A smart grid – a collection of advanced transmission and communication technologies for handling electric power transmission – is necessary to optimize solar power's potential. In desert areas, concentrated solar power can generate large amounts of electricity that must be stored and transmitted when needed. Further, end users of solar panels will want to sell their excess power back to the grid for use by others. With a well-developed grid, both of these goals can be accomplished. Countries like Germany are proof that solar power can account for a substantial portion of a nation's energy pie, and smart-grids are the key ingredient.

The United States is the undisputed world leader in the software industry. A world-class smart-grid provides advantages beyond solar power, which is why major U.S. companies like Google, IBM, Cisco and Oracle have already made large investments in the development of software and Internet infrastructure. Google, for example, made Silver Springs, a smart metering company, one of its first investments in its newly formed venture fund. Continued solar cash grant support from the U.S. government would thus compliment major initiatives being undertaken by our nation's leading firms.

Google

Google has begun exploring a host of investments, some targeted at utilities and some at homeowners, who Google helps monitor and make adjustments to their energy use through iGoogle. PowerMeter is one such project, where Google and Energy, Inc. have teamed up to provide monitoring without the need for a meter. The $280 million boost Google is giving to home solar illustrates Google’s industry-leading commitment to developing the smart grid in order to accommodate solar electricity generation.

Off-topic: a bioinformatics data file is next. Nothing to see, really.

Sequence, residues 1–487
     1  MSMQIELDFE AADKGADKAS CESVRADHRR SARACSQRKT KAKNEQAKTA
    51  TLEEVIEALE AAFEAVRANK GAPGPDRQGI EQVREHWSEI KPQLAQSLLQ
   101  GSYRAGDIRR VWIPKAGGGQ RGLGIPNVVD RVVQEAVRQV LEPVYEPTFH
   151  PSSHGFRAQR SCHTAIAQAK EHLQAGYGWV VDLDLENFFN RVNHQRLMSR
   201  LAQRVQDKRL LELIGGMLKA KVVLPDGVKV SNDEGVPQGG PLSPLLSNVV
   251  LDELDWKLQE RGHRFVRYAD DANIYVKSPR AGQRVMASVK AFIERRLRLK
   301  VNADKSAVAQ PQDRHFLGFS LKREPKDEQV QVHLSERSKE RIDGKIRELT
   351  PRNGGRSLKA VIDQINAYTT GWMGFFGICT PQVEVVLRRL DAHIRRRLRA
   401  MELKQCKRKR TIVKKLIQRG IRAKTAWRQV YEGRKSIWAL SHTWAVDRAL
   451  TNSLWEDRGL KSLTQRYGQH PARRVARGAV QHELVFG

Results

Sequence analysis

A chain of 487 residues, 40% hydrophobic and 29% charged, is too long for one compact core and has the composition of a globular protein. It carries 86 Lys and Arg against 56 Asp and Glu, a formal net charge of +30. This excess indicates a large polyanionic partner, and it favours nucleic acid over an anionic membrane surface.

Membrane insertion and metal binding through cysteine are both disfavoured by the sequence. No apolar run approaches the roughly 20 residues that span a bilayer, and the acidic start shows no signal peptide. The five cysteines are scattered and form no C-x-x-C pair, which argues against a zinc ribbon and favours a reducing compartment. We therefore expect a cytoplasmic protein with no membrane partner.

Oracle

The Oracle Utilities Smart Meter Platform allows utilities to manage the data from their customer's meters and helping them improve numerous facets of their service. By collecting and organizing consumption data, utilities using Oracle’s smart grid infrastructure will be able to control operational costs and respond to meter-related events and alerts in real time. Oracle’s integrative approach exposes the vast potential for many of the country’s leading software firms to wed their technical expertise with solar’s enormous capacity for electricity generation to produce an efficient, cost-effective smart grid system

Cisco

Cisco spends $20 billion annually on smart grid investments. Like Oracle, the company emphasizes "end-to-end" solutions for utilities, meaning that it delivers advanced transmission and distribution automation tools and infrastructure to utilities in order to increase grid reliability and reduce expenses. Unfortunately, there has been speculation in recent weeks that the company will be forced to reduce its employee headcount by 10,000 during the summer of 2011. Renewed investments in the smart grid would create more jobs at Cisco and mitigate the company's potential need to lay off so many workers.